Some other websites you can use for price comparisons:
www.samedaymusic.com (sometimes have good prices)
www.samash.com (sometimes have good prices)
www.music123.com (same company as musiciansfriend.com & guitar center, but might have different promotions)
www.zzounds.com (same company as americanmusical.com, but might have differnet promotions)
www.guitartrader.com (in CA so have to pay tax, but sometimes may have good scratch&dent deals)
The website I recommend the most is musiciansfriend.com because they have largest selection and usually better prices. Perhaps you can use their site to look for the appropriate guitar, and then check other website for price comparisons.
There are two kinds of electric guitars, one has single-coil pickups (thinner sounding), and the other has humbucker pickups (muddier but fuller sounding). Single-coil pickups are closer to Chris Tomlin's rhythm sounds, whereas humbucker pickups are closer to Hillsong United hardrock sounds. I believe our English congregation is geared more towards the humbucker style.
I personally own about 10 guitars, and only use 4 of them for worship (2 humbuckers and 2 single-coils, depending on what kind of music).
1. Epiphone Dot Deluxe: Humbuckers, very versatile, can play jazz and hardrock
2. Epiphone Les Paul Black Beauty: Humbuckers, pefect for hardrock. I use this for United songs.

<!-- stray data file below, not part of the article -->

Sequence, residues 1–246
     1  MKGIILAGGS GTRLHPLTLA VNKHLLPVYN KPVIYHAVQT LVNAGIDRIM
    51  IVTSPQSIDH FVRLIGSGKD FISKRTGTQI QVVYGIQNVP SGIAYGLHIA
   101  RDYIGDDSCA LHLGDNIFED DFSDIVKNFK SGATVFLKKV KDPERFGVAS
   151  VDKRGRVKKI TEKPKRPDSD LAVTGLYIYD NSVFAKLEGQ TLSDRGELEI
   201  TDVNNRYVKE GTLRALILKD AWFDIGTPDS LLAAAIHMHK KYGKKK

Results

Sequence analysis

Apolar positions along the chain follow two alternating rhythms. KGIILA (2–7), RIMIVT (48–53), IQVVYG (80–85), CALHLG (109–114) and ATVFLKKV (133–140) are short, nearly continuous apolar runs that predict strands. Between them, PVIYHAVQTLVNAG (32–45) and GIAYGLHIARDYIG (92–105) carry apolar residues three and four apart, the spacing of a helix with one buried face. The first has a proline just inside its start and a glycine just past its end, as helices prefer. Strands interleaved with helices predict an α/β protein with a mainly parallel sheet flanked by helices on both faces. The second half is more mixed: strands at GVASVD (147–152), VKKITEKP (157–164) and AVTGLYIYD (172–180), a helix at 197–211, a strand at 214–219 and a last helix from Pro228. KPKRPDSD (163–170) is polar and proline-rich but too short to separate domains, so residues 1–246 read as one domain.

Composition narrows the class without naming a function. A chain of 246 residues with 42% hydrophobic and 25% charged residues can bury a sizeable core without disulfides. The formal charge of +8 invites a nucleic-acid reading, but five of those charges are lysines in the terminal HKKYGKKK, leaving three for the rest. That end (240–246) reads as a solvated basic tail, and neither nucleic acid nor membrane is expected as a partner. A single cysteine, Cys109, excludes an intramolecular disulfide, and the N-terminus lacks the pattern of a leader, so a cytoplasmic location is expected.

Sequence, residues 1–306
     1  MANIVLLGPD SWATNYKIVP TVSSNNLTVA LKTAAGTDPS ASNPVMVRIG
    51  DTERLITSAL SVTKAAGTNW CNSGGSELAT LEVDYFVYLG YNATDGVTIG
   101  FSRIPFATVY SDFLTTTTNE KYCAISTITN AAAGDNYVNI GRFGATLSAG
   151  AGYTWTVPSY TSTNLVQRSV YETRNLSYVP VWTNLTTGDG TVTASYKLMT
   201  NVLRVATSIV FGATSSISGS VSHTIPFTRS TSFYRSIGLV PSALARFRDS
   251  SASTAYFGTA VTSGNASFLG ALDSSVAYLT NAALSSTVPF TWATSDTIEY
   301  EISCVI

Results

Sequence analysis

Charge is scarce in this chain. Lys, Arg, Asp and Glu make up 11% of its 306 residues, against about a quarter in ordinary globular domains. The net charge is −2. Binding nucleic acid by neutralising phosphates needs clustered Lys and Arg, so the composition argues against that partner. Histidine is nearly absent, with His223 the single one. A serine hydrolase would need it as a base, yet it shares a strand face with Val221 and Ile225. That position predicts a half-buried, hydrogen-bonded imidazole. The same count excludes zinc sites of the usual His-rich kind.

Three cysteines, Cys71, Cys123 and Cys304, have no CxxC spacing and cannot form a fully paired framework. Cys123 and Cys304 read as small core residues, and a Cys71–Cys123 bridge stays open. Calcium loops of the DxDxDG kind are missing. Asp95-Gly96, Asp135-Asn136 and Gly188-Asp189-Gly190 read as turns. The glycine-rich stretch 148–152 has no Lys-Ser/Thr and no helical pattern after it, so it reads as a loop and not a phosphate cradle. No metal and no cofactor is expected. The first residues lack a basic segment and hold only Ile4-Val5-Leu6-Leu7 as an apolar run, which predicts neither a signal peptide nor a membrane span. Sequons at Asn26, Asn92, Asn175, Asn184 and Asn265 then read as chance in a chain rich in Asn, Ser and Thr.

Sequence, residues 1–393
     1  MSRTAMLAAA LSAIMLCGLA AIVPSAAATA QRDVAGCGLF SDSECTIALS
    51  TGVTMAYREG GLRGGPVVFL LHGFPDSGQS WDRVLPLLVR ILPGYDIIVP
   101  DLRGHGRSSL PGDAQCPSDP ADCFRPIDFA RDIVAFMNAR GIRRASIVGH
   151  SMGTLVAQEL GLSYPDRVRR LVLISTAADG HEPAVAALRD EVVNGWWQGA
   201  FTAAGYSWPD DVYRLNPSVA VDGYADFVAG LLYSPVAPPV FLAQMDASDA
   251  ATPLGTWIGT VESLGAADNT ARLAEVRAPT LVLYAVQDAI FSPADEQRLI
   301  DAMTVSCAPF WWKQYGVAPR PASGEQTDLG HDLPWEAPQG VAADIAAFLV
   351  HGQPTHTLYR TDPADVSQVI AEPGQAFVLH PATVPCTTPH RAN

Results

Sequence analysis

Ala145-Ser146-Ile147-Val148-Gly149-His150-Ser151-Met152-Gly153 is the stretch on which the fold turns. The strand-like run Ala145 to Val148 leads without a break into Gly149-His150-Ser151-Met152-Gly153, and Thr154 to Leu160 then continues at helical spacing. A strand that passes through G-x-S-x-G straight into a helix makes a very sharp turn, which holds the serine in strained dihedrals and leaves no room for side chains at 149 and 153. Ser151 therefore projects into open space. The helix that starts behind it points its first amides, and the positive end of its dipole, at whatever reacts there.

3. Fender Standard Stratocaster: thinner sound but very versatile and clean sounding (and bright). I use this for mandarin worship.
4. Squier Classic Vibe 50's Telecaster: very clean thin sound, I use it for worship leading where I only strum and no solos
There are plenty of good guitars priced between $300 to $400. I personally would avoid anything below $300 (unless it's a scratch&dent guitar that is originally above $300). I would also avoid any "starter's packs" because they don't have good quality and usually don't have any room for future upgrades (for example, change pickups to better ones).
Epiphone is a sub company of Gibson (very famous), and it plays like a real Gibson. But since it's a sub company, young people may think that he would "lose face" if his friend owns a real Gibson (not likely, but possible). If that is a problem, then Ibanez is another good choice due to its versatility and playability.
OPTION A (AMP ONLY):
High wattage is not necessary. Usually amps are 15watt, 30watt, and 60watt or above. 15watt is good for home use. 30watt is good for onstage monitoring. 60watt is good for onstage monitoring if you are standing close to a drummer.
More options here, they are all pretty inexpensive.
OPTION B (MULTI-EFFECT ONLY):
If you have an existing keyboard amp, then you can afford a good multi-effect unit. Here is a complete listing of what they are. You really can't buy a bad one because they are all very well-built and all have good reviews online. I highly recommend Line6, Digitech, and Rocktron for their user-friendly interface. Boss is way too hard to use (I have a Boss GT-10). Vox has a tube inside therefore is high-maintainance.
OPTION C (AMP AND EFFECT):
You can buy a keyboard amp to go with the multi-effect because they work well together. Or you can also look at some cheap tube amps that don't have built-in effects (because you have your own) that offer a very good non-digital, analog tone.
ps: you can also try craigslist.com for some good deals. There are lots of people selling their used guitars/amps/pedals, can be a good place to start before you invest too much money.